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Boolean Algebra Equations & Truth Tables

British mathematician George Boole developed a form of algebra that uses symbolic logic to define relationships in sets - unions and intersections to be precise. In electrical engineering, we do not usually bother ourselves with all the rigors and formalities of the pure mathematical application. Rather, since engineers actually build things that perform useful functions, most of us can get by with the basic operations presented below.

Venn Diagrams do not help much when designing a digital circuit where complex (or simple for that matter) conditional decisions must be made to determine the proper output of a multiplexer or an entire production line controller circuit. Instead, we use Truth Tables, State Machines and Karnaugh Maps.

There are three fundamental operators from which all other Boolean functions can be derived - the OR gate, the AND gate, and the NOT (negation) operator. The Exclusive OR gate is included even though it is not a fundamental function, but it is very commonly used. Venn Diagrams for each of the functions are give just for illustration. White regions are where the functions are True, and blue areas are False.

Venn Diagram for logical "OR" (white region is True) - RF Cafe Logical Boolean OR gate equation - RF Cafe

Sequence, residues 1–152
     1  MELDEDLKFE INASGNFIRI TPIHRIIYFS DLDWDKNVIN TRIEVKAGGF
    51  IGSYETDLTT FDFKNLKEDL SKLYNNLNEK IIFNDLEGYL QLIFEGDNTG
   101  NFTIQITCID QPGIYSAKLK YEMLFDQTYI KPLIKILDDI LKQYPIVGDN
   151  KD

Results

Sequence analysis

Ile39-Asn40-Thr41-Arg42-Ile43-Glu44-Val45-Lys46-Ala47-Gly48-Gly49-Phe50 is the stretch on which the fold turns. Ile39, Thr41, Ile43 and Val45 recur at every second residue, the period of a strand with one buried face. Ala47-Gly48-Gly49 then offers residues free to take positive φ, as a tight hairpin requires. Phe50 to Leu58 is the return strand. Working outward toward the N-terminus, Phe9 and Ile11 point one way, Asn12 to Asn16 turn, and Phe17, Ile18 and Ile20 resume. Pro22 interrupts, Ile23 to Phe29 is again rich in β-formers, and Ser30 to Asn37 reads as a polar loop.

x y x + y
0 0 0
0 1 1
1 0 1
1 1 1
The OR Symbol
Venn Diagram for logical "AND" (white region is True) - RF CafeLogical Boolean AND gate equation - RF Cafe
x y x · y
0 0 0
0 1 0
1 0 0
1 1 1
The AND Symbols
Exclusive OR
Venn Diagram for logical "XOR" (white region is True) - RF Cafe Logical Boolean Exclusive OR gate equation ( XOR ) - RF Cafe
x y x y
0 0 0
0 1 1
1 0 1
1 1 0
Exclusive OR (XOR) equivalent circuit
Venn Diagram for logical "NOT" (white region is True) - RF Cafe

Logical Boolean NOT gate equation ( negation ) - RF Cafe

x x
0 1
1 0
The NOT Symbol
  x + 0 = x x · 1 = x
  x + x = 1 x · x = 0
  x + x = x x · x = x
  x + 1 = 1 x · 0 = 0
Involution Logical Boolean involution equation  
Commutative x + y = y + x x · y = y · x
Associative x + (y + z) = (x + y) + z  
Distributive x · (y + z) = x · y + x · z x + y · z = (x + y) · (x + z)
DeMorgan (x + y) = x · y (x · y) = x + y
Absorption x + x · y = x x · (x + y) = x
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